prime rate(redirected from prime rates)
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The prime rate is a benchmark for interest rates on business and consumer loans.
For example, a bank may charge you the prime rate plus two percentage points on a car loan or home equity loan.
The prime rate is determined by the federal funds rate, which is the rate banks charge each other to borrow money overnight. If banks must pay more to borrow, they raise the prime rate. If their cost drops, they drop the prime rate. The difference between the two rates is three percentage points, with the prime rate always the higher number.
The federal funds rate itself is determined by supply and demand, prompted by the actions of the Open Market Committee of the Federal Reserve to increase or decrease the money supply.
prime ratethe INTEREST RATE charged by COMMERCIAL BANKS for short-term LOANS to their most preferential customers. The prime rate is somewhat lower than other commercial borrowing rates but applies only to what may be called ‘blue-chip’ companies, generally large companies with the highest credit ratings. See BANK LOAN, BASE RATE.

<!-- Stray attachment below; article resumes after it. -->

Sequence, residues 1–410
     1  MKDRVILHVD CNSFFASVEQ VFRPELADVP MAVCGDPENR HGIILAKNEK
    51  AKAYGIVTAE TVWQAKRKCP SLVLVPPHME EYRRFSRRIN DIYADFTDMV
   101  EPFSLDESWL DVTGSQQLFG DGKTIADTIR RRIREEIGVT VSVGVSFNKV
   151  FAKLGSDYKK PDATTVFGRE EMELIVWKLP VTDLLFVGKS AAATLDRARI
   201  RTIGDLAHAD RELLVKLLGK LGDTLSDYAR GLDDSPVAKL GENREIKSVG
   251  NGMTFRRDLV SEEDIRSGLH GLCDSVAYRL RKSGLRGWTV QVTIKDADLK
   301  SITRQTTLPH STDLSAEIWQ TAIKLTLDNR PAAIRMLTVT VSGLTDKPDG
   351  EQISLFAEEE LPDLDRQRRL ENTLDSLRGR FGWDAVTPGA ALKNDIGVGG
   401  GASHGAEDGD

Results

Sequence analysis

Traditionally defined as the rate of interest charged by a financial institution to its best customers. In reality, many commercial loans are quoted in terms of “prime minus one quarter,”for example, which indicates there are better rates than prime. In addition, many lenders offer rates based on the London Interbank Offered Rate (LIBOR), resulting in interest rates less than prime. Today,prime rate is often just a published rate by a financial institution,called its prime rate whether it is the lowest offered rate or not.